No excuses for bending the rules, says Maritime NZ
Council harbourmasters are teaming up with Maritime New Zealand to promote water safety as part of the ‘No Excuses’ campaign.
On Thursday crews were checking boaties’ compliance with the boating safety code and local bylaws including wearing lifejackets and safe speed.
They were giving jellybeans to those who were following the rules and breach notices to those who weren’t.
Maritime Officer Nicole says ultimately promoting boating safety saves lives.
“The more people we can educate the more lives we can ultimately save.”
The No Excuses compliance campaign happens on five random days in each region from 10th of October 2020 until March 31.
Last year, the campaign interacted with more than 4000 boaties, with 338 vessels in the Bay of Plenty.
Maritime Officer Greg Baillie says one of the keys to staying safe on the water is letting people know where you are going, and making sure you have at least two forms of communication.
He says preparation is key.
Those who were breaching bylaws were given breach notices.
“Make sure you’ve prepared your boat, you’ve got all your gear, and then you must know what the rules and your responsibilities are. And if something goes wrong know what to do. Prep, check and know.”
According to Maritime New Zealand, in 59 per cent of fatal incidents, inadequate communication was a contributing factor.
Recreational boating fatalities average about 20 each year, with 15 fatalities in 2020 (provisional figure as of December last year).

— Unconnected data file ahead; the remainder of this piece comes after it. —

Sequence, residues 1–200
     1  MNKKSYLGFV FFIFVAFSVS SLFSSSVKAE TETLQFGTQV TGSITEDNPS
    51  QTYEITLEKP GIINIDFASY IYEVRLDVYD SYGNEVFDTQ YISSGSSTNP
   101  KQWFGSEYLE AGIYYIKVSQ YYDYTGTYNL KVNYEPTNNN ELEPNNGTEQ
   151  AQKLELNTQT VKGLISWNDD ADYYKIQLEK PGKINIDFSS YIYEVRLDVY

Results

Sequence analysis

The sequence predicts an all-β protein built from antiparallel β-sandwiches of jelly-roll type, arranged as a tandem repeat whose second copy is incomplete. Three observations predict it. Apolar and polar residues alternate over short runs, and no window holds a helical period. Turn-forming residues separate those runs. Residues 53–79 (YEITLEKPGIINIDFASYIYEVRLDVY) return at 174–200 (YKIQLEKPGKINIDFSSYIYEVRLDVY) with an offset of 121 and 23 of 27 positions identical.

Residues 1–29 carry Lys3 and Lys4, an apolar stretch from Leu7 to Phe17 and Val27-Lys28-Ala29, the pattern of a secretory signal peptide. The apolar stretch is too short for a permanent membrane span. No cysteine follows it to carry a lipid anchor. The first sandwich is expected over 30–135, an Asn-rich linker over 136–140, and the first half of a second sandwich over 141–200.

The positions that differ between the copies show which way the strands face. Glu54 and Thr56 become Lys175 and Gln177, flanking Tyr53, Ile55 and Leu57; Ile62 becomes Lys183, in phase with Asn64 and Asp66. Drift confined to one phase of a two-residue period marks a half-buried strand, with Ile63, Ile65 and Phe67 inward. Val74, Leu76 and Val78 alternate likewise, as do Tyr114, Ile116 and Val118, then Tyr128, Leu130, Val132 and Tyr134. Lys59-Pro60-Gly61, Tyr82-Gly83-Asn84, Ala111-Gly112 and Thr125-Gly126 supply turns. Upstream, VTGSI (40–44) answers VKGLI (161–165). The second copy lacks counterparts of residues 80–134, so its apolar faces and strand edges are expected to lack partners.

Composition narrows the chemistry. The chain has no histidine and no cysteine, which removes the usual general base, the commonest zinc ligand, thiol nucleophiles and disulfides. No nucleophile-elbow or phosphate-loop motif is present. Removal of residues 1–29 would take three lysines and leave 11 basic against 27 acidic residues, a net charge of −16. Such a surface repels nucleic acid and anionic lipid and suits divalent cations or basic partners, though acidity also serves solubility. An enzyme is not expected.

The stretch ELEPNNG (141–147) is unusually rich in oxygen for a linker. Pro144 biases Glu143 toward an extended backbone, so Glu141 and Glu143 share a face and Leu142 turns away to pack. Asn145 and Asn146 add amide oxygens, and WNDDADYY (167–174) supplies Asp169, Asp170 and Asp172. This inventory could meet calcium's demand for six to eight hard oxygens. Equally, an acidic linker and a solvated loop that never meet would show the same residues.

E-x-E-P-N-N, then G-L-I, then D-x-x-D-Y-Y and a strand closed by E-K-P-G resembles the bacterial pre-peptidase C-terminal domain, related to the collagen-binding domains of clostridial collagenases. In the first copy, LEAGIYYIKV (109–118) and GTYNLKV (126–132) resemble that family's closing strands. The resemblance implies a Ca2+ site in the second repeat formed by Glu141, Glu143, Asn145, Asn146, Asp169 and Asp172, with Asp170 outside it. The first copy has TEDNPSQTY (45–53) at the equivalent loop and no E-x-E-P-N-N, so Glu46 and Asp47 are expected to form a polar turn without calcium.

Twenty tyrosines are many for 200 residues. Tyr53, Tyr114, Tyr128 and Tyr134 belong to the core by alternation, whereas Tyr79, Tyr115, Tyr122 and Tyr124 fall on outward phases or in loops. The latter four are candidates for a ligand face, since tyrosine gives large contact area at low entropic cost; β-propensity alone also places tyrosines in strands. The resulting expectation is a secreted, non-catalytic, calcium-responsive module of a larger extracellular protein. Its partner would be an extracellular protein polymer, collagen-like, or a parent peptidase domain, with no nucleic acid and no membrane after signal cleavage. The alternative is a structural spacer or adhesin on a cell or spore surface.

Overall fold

On the morning SunLive attended the campaign, a boat had capsized just offshore from Pilot Bay - demonstrating just how quickly things can go wrong.
“The change of tide bottlenecks through, that’s why you get all the turbulence. It’s amazing how calm the water is but you go into the channel and it’s bottlenecking through,” says Greg.
The team were also checking to see that people were wearing lifejackets.
Estimates from Maritime NZ are that about two thirds of boating deaths could have been prevented if people were wearing lifejackets.
In the Bay of Plenty, only 77 per cent of boaties surveyed say they wear lifejackets the entire time, while only 67 per cent of people ensured they had at least two ways to call for help.
However, this is still better than the national average of just 58 per cent of boaties carrying two ways to call for help.
Greg says the aim of the campaign was to encourage voluntary compliance.
Another big thing the team were looking for were to make sure boats were named and jet skis were registered.
“If we see a jet ski and it has no registration number then we will breach them, and if we see a boat that’s not named we will breach them as well.”
However, if owners remedied in 14 days they wouldn’t receive an infringement.
Maritime NZ Deputy Director and Chair of the Safer Boating Forum says there is no excuse for not doing what is right to keep everyone safe on the water.
“While we applaud the high numbers of people who follow safe boating behaviours there is no room for complacency.
“We are continually looking at what we can do to improve safe behaviour through awareness and education, to avoid the need for infringements.
“However, there will be consequences for people breaching maritime rules and local bylaws.”